Hardware of E3 2004 - Shawn's Views
I intentionally kept myself in the dark about Infinium Labs' upcoming Phantom console. I didn't read any articles in magazines or online. I didn't want to know anything about it until the fateful day at E3. After our pictures were taken of an Infinium girl, we stepped into the mysterious Infinium booth and saw a demonstration of a Phantom that was just beginning.
First, I noticed the look of it. The console was white, a very different color from the usual black of most game machines. I'm not a big fan of white electronics. Although, maybe their final version will be platinum, since platinum is the new black. I also noticed something odd: there was only one controller port. One controller port? How am I supposed to get my friends over to play games on this? Infinium Guy then switched out the controller for a mouse and keyboard. The keyboard was tilted upward so the mouse was comfortably underneath, seeming to give the player enough space to do their usual PC gaming thing. Infinium Guy had it placed on his lap, fully able to relax back in his chair. Ok, the keyboard looks nice and all but... wait... what? Oh, well that sucks.
I had just found out that the Phantom will only be using PC games for its library. That was very disappointing to me. Paul had already known, but since I wasn't keeping up with any Phantom news, I didn't know. I was thinking that Infinium would be licensing games from developers of consoles and use those as it's games. Nope. Just PC games. The only way I would be able to play multiplayer would be to go online, something I rarely do. I thought the Phantom was being touted as the next big console, not the system that puts your PC games on TV. Hell, I could just buy an ApeXtreme DISCover if I wanted to do that.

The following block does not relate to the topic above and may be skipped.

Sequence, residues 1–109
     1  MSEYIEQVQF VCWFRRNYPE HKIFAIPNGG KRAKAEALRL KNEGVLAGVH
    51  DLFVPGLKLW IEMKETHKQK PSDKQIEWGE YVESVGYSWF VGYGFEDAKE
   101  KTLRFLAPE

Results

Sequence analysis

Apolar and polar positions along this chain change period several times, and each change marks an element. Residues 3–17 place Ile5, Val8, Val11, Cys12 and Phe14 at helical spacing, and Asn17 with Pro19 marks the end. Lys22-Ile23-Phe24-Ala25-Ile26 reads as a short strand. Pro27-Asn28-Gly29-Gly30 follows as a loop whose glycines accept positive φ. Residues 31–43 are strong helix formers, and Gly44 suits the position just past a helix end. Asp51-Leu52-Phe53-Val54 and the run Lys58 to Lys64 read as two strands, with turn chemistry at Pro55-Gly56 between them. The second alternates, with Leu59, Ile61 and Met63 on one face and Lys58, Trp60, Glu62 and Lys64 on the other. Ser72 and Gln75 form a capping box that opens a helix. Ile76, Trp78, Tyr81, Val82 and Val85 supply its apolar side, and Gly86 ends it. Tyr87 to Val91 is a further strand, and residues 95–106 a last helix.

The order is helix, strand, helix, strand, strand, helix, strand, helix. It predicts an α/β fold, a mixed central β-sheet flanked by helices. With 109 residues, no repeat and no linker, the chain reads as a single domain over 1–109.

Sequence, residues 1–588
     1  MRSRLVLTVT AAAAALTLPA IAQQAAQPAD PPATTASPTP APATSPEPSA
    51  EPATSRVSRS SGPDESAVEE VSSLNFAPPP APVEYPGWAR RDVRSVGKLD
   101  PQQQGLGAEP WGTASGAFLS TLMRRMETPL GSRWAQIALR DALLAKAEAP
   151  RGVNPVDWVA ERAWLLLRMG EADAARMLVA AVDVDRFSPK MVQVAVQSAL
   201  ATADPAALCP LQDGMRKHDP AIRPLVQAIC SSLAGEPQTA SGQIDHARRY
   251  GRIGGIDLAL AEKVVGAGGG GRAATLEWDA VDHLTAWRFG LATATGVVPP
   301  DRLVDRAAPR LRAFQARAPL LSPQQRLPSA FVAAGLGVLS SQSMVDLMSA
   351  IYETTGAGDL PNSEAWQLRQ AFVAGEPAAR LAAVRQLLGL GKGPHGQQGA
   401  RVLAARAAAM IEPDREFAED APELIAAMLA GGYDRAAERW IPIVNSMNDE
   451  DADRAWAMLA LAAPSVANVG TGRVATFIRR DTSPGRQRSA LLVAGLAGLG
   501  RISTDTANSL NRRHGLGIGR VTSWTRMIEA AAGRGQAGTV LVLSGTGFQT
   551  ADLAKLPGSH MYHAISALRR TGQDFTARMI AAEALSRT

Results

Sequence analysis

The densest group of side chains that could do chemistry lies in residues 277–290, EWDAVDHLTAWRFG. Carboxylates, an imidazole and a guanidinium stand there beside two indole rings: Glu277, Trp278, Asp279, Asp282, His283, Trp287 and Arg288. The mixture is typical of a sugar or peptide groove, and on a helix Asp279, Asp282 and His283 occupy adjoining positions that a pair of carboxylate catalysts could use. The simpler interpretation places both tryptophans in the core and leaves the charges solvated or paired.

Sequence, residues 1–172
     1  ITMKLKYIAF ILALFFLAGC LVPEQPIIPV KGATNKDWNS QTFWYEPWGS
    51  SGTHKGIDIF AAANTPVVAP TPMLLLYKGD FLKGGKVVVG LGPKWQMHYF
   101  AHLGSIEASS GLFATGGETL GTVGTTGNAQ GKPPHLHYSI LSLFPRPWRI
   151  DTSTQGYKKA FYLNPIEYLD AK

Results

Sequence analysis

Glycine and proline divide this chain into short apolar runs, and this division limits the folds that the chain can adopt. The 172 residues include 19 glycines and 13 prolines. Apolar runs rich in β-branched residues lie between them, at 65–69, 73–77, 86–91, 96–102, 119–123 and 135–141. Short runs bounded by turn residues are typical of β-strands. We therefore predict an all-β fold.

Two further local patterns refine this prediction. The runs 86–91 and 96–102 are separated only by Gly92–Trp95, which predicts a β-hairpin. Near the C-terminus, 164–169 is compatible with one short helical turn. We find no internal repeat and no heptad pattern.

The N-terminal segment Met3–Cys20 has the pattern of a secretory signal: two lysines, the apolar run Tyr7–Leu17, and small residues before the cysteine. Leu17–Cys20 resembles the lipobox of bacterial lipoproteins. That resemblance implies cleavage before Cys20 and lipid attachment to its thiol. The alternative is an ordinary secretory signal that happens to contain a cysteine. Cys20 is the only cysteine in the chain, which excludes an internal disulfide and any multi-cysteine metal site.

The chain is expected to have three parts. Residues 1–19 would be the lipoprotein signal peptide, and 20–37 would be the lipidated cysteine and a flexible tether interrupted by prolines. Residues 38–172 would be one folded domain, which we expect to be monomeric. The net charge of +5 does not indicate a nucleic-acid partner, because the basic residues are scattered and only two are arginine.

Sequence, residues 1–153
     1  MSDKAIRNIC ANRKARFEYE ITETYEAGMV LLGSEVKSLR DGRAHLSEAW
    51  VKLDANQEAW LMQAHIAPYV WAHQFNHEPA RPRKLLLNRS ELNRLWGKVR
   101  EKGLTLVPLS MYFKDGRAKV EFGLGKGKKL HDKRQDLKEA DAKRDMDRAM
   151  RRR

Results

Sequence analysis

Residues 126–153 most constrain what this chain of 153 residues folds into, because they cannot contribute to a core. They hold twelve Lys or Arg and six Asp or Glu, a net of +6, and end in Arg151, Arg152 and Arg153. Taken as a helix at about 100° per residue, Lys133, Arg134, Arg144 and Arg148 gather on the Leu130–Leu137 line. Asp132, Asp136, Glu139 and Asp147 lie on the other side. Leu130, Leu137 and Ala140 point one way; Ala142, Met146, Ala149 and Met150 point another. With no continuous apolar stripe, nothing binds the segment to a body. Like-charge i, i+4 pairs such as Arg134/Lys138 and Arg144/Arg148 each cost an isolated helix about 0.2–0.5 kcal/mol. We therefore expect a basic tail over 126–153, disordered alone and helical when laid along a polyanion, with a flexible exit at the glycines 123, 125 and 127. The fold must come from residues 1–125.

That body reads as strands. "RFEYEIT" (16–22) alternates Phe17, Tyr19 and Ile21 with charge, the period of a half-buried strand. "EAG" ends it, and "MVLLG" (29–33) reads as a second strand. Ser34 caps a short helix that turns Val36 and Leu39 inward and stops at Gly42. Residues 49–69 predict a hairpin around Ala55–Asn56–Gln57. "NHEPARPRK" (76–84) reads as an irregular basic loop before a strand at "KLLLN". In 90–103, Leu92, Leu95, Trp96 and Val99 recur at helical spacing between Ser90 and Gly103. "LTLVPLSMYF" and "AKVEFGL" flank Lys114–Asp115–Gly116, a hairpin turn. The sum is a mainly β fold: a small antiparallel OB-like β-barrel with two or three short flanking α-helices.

We got a chance to speak with Kent Johnson, Director of Business Development for Infinium Labs. He was very nice and answered a lot of our questions. The way a gamer buys a Phantom is different than the usual buy-in-the-store way. A gamer would go to a retailer that will carry the system and get the system for free after signing a contract. It's like getting a cell phone. A gamer would have to go through a credit check to get the Phantom and sign a two-year contract with a fee of $29.99 a month. That can get really expensive. At $29.99 a month, over the course of two years, you'll have spent $719.76, plus the cost of downloading or renting games. That sounds like a lot of money to me. If you play tons of PC games in one month it could actually be cheaper but, you really have to play a lot of PC games. Plus, I'm sure gamers that own certain PC games wouldn't want to buy them again in able play them on Phantom.
I can understand the reasoning for having to do the credit check to download and play all the games, but do you really want to go through that to get a game system? It's just not something I would want to do. Mr. Johnson assured us that deals were being worked out and most major retailers would be carrying the console. But that really just raises more questions. Would there be a separate Infinium booth in the store to perform the credit check or would it be included in the cell phone area where the employee already knows how to perform a credit check? You wouldn't want just any vested retail clerk to try to figure out how to do a credit check so you can get your game console.
So how does the Phantom work? After the excited gamer runs home and gets everything hooked-up they can then download games. Any games, well, any PC game that is. According to Johnson, publishers love the idea of gamers just obtaining games by download. It eliminates packaging costs, retailer costs and the like, making it cheaper for everybody. Cheaper games is very good indeed. However, I am one of those people that likes to have the actual physical product in my dirty little hands. I place my games on a shelf or in a case. They are displayed for everyone to browse and admire my impressive collection of games. If I downloaded a game I could always redownload if it was deleted, and it saves room in my sometimes confined quarters, but I still want the product itself. If you don't care about having the actual game then maybe the Phantom is for you.